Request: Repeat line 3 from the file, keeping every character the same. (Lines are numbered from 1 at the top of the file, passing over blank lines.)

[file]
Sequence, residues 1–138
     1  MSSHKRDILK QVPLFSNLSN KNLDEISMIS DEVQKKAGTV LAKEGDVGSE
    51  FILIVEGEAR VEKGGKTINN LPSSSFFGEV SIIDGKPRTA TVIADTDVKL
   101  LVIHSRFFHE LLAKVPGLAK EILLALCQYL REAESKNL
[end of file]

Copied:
    51  FILIVEGEAR VEKGGKTINN LPSSSFFGEV SIIDGKPRTA TVIADTDVKL